If you want to study for a PhD in nanotechnology, then it will most likely benefit you to obtain a masters degree in either physics or chemistry (or some combination of the two). That course you link to appears to be mainly focused on engineering...
 
  • #11
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Phase I of LEAP consists of a core set of about ten to twelve disclipline-related undergraduate courses. Credit is given for prior equivalent coursework. These courses do not lead to a BS degree , but will qualify you for entry into the graduate phase of LEAP.

http://www.bu.edu/eng/leap/

Phase 1 is pretty much the same as just getting your Bachelors in Engineering. If I were why not just go for your Bachelors in Engineering altogether first, after that you'll have a better chance getting into Graduate school in Engineering?
 
  • #12
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To be honest, this sounds strange!

I mean it is even nearly impossible to get a Master degree in mechanical engineering with a Bachelor in physics.

And now you come up with business bachelor.......
 
  • #13
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If you want to study for a PhD in nanotechnology, then it will most likely benefit you to obtain a masters degree in either physics or chemistry (or some combination of the two). That course you link to appears to be mainly focused on engineering...
I have read some nanotechnology experts' CV's and found that many of them also come from engineering backgrounds.

Maybe you can shed some light on another alternative, can someone get a Master's in physics or chemistry with a BS in business?

Phase 1 is pretty much the same as just getting your Bachelors in Engineering. If I were why not just go for your Bachelors in Engineering altogether first, after that you'll have a better chance getting into Graduate school in Engineering?
Actually it's shorter and doesn't include English and elective courses.

To be honest, this sounds strange!

I mean it is even nearly impossible to get a Master degree in mechanical engineering with a Bachelor in physics.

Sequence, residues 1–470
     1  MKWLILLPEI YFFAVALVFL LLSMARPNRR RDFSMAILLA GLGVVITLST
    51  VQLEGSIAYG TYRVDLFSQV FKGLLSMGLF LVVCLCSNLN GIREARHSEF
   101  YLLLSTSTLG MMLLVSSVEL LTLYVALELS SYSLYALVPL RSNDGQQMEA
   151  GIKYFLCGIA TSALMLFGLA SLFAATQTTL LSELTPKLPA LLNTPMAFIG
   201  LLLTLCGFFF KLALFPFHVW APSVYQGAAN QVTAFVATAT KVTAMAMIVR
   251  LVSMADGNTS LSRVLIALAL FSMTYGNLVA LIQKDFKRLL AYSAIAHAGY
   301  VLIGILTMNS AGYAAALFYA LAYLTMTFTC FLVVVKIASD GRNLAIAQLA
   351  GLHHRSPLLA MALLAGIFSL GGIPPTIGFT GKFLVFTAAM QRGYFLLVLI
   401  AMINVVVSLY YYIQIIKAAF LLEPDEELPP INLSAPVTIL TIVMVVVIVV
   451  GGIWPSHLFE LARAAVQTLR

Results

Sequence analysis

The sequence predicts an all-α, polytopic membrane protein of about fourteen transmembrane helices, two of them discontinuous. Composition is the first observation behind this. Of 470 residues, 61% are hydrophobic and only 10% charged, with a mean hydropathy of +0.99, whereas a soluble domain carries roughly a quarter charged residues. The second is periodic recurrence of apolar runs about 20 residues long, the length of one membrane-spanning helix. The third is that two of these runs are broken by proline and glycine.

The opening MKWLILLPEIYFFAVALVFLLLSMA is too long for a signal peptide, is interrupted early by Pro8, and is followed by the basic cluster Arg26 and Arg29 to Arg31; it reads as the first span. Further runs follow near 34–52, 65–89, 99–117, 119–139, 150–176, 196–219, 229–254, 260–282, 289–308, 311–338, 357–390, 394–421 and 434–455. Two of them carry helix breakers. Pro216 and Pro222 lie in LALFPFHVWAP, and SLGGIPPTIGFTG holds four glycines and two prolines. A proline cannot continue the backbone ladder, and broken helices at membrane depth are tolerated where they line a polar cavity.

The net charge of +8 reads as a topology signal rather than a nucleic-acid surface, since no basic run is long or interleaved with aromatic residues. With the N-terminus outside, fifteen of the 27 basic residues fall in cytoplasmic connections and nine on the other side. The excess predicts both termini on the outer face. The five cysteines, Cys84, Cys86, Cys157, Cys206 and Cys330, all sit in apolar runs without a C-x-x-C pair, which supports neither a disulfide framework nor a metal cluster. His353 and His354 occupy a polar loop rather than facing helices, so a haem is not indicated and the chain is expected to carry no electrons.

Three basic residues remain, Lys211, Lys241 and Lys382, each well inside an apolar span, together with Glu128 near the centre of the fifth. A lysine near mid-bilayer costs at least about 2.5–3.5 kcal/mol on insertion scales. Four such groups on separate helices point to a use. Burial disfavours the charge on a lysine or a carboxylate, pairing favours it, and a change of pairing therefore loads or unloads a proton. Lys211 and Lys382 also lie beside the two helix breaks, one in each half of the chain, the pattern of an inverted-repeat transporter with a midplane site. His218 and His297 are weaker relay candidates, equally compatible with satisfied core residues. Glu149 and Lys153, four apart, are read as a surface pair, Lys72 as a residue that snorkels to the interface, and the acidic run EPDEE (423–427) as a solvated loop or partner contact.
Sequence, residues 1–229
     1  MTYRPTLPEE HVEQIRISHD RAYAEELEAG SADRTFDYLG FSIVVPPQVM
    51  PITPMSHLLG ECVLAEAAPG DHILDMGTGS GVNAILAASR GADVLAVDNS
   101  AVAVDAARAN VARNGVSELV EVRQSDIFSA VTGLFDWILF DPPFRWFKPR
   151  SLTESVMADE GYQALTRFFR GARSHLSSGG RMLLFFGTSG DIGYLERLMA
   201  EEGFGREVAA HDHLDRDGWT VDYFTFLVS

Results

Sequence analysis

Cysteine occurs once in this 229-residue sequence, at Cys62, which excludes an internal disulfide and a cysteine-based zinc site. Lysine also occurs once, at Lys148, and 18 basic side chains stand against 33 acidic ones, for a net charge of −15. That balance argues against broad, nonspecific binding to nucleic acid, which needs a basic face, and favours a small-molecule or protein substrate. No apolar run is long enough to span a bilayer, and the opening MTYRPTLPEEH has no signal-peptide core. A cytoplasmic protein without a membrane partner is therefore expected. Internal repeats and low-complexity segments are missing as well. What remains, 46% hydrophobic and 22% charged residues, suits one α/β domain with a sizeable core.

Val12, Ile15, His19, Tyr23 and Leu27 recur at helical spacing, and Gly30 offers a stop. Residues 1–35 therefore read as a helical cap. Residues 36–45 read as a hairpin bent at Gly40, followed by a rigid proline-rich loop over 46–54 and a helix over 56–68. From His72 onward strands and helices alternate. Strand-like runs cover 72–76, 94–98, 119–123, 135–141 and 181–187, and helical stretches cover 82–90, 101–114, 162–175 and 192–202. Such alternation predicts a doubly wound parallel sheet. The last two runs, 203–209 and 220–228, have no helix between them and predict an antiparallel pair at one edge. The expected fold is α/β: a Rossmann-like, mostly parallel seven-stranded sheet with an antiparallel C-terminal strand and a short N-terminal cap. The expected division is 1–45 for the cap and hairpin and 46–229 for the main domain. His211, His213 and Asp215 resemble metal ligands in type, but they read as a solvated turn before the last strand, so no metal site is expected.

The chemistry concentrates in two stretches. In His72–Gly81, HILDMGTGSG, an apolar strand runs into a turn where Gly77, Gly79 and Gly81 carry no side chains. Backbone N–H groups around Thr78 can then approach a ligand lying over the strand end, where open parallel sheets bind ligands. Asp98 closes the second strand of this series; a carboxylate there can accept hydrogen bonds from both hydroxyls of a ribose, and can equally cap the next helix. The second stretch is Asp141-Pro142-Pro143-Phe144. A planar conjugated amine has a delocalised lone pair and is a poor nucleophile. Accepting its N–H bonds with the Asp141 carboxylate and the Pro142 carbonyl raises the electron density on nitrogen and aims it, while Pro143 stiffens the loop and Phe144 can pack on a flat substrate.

And now you come up with business bachelor.......
I know it's strange. Have you ever heard of Dr. Klaus Schwab? He's the founder of the World Economic Forum. He has a Master's in Public Administration, a PhD in Mechanical Engineering, and another PhD in Economics. So, I'm guessing it can be done.
 
  • #14
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We keep trying to tell you the same thing, and I am not sure why you aren't buying it.

Graduate school builds on what they teach you in your undergraduate years. You either need an undergraduate degree, or you need to invest the time to catch up and learn what you would have getting an undergraduate degree.
 
  • #15
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We keep trying to tell you the same thing, and I am not sure why you aren't buying it.

Graduate school builds on what they teach you in your undergraduate years. You either need an undergraduate degree, or you need to invest the time to catch up and learn what you would have getting an undergraduate degree.
Bro, I think we already have that down. Do you care to add anything else? :rolleyes:
 
  • #16
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Bro, I think we already have that down. Do you care to add anything else? :rolleyes:
Where do you plan to Apply and Study? And also, have you considered other places where you can find the knowledge besides Europe and America?

There is also Russia, Canada, Mexico, China, Taiwan, Singapore, maybe even Japan?
 
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  • #17
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Where do you plan to Apply and Study? And also, have you considered other places where you can find the knowledge besides Europe and America?

There is also Russia, Canada, Mexico, China, Taiwan, Singapore, maybe even Japan?
Well I would like to study in a university where the language of instruction is English. As far as I know, that's available in NORTH America, including Canada, and Europe. I guess Singapore would have that too...right? Don't know about the other countries you've mentioned..